Group D – Toshiro Mifune

Cressida – Source 1

The Hollywood Reporter article written about the 2015 unveiling of the first Tokyo Comic Convention shows how much of an influence Kurosawa and Toshiro Mifune were, both worldwide and particularly in Japan, as they are the subject of discussion at such a large event. The article focuses on the fact that Mifune turned down the roles of Obi Wan Kenobi and Darth Vader in Star Wars, a film partly based on Kurosawa’s film The Hidden Fortress (1958). According to Mifune’s daughter, he did not accept these roles as he thought “sci-fi movies still looked quite cheap as the effects were not advanced and he had a lot of samurai pride.” This shows how Mifune was opposed to the idea of Hollywoodizing the art of Samurai sword-fighting, a craft highly regarded in Japanese culture which is shown both powerfully and beautifully in Kurosawa’s films. George Lucas had apparently based the fighting style in Star Wars on the “image of the Samurai” and Mifune didn’t want to “cheapen” this image showing how passionate he was about Japanese cinema, and representing the Samurai appropriately and with respect.


Gordon – Source 3

Source 3 is the official corporate licensed trailer for The Last Samurai, a documentary about the great actor Toshiro Mifune. We see his legacy resonate through this trailer alone as we see some of the best established members of the cinema industry such as Spielberg, heap praise onto him, glorifying him as the perfect embodiment of a samurai. The fact that such people speak of him in such praise helps to not only demonstrate his prestige but also shows his influence over some of the most influential creatives. This is a clear representation of how his status as the last samurai but also the personification of post war Japanese cinema, embodying the strength, ferocity and fun of movies of the time.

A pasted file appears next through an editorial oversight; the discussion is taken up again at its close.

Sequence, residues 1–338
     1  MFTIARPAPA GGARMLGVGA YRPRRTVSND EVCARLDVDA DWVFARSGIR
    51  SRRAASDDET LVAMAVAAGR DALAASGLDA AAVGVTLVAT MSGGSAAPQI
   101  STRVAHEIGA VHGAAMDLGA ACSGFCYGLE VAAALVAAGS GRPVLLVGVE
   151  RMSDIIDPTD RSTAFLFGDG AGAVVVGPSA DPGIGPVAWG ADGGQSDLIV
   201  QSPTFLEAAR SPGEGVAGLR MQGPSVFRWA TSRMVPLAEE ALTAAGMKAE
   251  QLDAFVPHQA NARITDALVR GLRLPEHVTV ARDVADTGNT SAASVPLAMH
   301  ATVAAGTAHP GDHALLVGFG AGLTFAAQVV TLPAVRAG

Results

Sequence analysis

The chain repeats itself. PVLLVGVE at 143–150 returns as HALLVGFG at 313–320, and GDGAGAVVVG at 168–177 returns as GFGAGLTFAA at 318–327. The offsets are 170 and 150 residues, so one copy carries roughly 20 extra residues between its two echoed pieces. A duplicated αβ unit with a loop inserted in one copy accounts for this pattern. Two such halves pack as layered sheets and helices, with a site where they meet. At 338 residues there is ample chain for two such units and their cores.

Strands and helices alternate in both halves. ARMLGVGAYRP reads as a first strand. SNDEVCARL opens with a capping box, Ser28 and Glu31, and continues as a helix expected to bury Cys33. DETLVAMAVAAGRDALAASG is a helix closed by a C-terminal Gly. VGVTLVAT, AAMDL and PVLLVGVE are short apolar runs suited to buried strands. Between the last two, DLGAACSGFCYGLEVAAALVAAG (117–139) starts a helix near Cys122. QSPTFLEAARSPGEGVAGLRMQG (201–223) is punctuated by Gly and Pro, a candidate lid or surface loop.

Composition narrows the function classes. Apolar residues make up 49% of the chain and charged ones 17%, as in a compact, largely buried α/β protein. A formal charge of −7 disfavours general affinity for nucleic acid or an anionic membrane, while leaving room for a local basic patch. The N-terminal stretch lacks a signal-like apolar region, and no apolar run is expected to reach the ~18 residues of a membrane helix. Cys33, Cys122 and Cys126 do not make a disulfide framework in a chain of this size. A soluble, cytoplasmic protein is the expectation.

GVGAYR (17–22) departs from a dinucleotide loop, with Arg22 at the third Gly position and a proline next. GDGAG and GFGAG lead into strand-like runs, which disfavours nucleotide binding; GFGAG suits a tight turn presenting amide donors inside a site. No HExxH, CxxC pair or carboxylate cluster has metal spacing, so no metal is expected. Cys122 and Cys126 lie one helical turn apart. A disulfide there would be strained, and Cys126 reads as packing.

Lauren – Source 4

Producing and selling merchandise is an increasingly popular notion that is used to display admiration and support towards a person or collective. On this website (source 4) we can see that there are countless items of clothing and other household objects with Toshiro Mifune’s face on, as well as quotes and famous characters he has played. This suggests that his legacy lives on long after his passing as he continues to be respected along with his involvement in cinema. Mifune and his impressive 170 film appearances has become iconic due to his distinctive image and character, potentially appreciated more in today’s society as the most famous Japanese actor of his time. Mifune’s continued popularity in the 21st century is confirmed by the idea that people are such fans of his work that they wish to wear his face on their chest in public.


Nick – Source 5